The gambler’s fallacy is one of those logical fallacies of the human psyche that is equal parts hilarious and equal parts serious.
As you’ll see in this episode, the examples I provide while talking about it are almost laughable and ridiculous at times. But the impact it has on our everyday lives is uncanny. And that makes this a very important episode in the series of my episodes on human cognitive biases and logical fallacies.
For the entire series, please hop on to the playlist here.
It is a short and sweet episode, like most others in my podcast. 😛
Hope you experience as much resonance listening to it as much I did while creating it.
So, without further ado, let’s get into it.
I’ll see you in the playground.
Until next time.
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The human psyche is full of cognitive biases and logical fallacies. Do not, for a second, let someone convince you that that is not true for you. It’s true that spotting an error in somebody else’s judgments and/or decisions is much easier than doing the same for your own self. But that should not lead you to thinking that you are somehow free of making the same lapse in judgment someday.
The gambler’s fallacy is one such logical fallacy of our minds that is quite easy to spot in someone else’s position, especially if you yourself are not too attached to that position yourself.
However, as is the case with most potent truths, the real nectar of understanding it is in discovering it in one’s own thinking and day-to-day rigamarole.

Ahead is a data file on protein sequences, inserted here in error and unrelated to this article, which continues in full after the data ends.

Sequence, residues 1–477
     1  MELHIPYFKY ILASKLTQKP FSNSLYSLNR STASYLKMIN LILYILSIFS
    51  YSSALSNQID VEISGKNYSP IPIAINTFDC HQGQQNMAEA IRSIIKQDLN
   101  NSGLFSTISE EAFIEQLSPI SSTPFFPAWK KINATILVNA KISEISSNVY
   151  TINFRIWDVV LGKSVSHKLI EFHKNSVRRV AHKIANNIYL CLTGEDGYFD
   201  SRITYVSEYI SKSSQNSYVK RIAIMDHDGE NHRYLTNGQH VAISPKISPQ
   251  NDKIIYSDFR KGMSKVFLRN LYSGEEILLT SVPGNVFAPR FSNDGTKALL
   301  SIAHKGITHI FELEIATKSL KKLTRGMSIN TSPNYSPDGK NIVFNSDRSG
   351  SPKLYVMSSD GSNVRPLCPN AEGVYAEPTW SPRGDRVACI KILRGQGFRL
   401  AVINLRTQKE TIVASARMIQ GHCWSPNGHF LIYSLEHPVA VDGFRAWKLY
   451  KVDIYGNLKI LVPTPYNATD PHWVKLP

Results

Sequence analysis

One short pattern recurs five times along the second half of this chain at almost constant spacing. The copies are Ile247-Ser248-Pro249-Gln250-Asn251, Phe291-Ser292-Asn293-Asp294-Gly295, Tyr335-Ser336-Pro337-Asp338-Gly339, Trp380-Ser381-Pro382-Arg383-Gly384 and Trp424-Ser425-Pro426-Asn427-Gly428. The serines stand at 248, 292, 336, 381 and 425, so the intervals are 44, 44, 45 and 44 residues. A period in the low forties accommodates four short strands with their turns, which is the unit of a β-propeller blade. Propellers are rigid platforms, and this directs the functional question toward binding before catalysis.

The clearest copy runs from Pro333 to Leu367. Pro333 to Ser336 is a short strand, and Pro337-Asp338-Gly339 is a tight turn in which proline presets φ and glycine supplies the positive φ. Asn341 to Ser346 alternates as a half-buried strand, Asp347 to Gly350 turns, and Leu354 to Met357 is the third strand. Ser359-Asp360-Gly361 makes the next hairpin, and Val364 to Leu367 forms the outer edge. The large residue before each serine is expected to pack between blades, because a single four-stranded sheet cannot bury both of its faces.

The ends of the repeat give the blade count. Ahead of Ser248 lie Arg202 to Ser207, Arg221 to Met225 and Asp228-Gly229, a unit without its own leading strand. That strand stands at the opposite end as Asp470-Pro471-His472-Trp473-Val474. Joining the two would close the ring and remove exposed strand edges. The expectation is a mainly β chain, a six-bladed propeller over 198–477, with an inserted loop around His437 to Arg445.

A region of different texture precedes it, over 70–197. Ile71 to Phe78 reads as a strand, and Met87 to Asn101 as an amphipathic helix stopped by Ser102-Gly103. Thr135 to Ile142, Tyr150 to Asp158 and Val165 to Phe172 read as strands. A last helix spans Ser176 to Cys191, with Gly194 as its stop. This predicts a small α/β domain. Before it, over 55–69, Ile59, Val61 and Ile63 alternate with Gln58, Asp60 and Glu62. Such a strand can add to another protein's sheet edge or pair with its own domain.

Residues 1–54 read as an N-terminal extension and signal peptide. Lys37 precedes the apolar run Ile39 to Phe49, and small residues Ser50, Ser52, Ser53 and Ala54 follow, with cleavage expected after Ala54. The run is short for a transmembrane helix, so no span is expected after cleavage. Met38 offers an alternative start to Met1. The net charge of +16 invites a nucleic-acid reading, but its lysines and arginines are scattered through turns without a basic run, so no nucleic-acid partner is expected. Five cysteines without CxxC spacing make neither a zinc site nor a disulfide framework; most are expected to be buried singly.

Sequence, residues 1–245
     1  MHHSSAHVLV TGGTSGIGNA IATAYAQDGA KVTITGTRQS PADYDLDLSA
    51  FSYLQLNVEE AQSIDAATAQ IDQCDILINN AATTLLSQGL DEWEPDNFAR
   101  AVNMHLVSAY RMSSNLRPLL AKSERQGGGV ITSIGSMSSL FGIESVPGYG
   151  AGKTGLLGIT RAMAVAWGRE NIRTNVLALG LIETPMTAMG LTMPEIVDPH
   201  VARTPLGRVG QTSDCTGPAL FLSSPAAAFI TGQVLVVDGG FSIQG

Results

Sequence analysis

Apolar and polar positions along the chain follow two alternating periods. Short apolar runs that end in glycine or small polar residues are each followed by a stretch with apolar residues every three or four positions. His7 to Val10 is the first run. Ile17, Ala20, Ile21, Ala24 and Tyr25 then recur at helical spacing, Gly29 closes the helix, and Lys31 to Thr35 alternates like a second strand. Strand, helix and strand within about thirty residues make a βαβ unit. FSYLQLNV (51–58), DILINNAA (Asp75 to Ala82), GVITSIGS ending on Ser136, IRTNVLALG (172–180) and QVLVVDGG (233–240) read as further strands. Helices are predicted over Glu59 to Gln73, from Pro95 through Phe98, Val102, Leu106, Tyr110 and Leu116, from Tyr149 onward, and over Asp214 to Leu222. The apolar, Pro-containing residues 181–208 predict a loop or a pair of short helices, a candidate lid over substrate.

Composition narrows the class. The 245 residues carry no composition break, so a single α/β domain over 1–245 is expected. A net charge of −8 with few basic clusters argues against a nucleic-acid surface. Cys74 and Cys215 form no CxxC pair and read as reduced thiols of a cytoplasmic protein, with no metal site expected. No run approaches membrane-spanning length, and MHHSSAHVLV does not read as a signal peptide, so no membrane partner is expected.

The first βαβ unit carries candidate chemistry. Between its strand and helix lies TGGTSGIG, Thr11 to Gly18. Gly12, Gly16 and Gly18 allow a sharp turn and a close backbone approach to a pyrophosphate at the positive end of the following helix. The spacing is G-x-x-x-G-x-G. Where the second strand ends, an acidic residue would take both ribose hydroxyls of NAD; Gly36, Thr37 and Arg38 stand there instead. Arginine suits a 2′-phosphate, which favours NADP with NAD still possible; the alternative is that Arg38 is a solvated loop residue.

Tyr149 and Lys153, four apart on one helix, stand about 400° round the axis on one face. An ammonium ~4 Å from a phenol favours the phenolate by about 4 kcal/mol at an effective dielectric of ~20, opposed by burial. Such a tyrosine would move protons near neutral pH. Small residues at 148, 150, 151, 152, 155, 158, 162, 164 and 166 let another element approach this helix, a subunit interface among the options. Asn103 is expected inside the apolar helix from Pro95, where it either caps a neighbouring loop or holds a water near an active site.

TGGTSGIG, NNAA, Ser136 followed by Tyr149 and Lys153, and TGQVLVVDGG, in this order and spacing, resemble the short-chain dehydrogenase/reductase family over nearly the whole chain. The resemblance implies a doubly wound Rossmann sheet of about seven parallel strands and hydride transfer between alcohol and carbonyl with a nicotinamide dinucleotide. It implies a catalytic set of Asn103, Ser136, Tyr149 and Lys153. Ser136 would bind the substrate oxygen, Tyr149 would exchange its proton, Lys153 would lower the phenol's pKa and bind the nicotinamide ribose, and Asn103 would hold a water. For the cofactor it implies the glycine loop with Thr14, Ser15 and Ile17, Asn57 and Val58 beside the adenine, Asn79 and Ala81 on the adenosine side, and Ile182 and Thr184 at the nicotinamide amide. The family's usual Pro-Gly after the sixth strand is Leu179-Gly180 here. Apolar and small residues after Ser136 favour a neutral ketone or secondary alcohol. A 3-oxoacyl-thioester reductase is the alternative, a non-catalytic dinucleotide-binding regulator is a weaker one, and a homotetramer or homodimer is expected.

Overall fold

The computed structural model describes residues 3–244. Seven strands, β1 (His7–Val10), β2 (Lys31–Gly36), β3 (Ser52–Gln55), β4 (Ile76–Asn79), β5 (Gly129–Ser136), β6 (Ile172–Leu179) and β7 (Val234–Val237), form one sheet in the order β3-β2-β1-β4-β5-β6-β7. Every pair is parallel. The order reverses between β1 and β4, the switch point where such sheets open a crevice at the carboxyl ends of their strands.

My aim with this podcast episode (which is only 10 minutes long btw) is to explain, in very easy-to-understand language, what this fallacy stands for, what are the ways in which you can identify it in your own thinking and how you can try to overcome it in your everyday interactions.
Below are a set of frequently asked questions about this topic. I have tried to answer them out in an easy manner, but for a detailed understanding, I would highly recommend going through the episode itself. Like I mentioned above, it will be 10 minutes worth spending on the internet.
What is the gambler’s fallacy?
The tendency of a person to consider that future outcomes of a random event are dependent on the outcomes seen for the same/similar events in the past.
What is an example of the gambler’s fallacy?
If ten consecutive coin tosses result in HEADS, it is a very human thing, and also a biased thing, to consider that the chance of the next toss resulting in a TAILS is higher. This is a simple and the most common example of the gambler’s fallacy.
How do you fight the gambler’s fallacy?
Becoming more self aware, and opening yourself up for honest and engaging conversations with people who can correct you, is one way to position yourself such that you do not fall prey to the gambler’s fallacy, especially where it matters. This is actually applicable on all human cognitive biases and logical fallacies.
In addition to this episode, for the curious listener, I would also advise a playlist of similar episodes that I run on my podcast. It is a series where each individual episode is dedicated to a particular cognitive bias and/or a logical fallacy, and I try to walk you through it in an easy-to-digest sort of a manner. That is quite the generic theme of The Unlearning Playground podcast as well as much of all of my work really.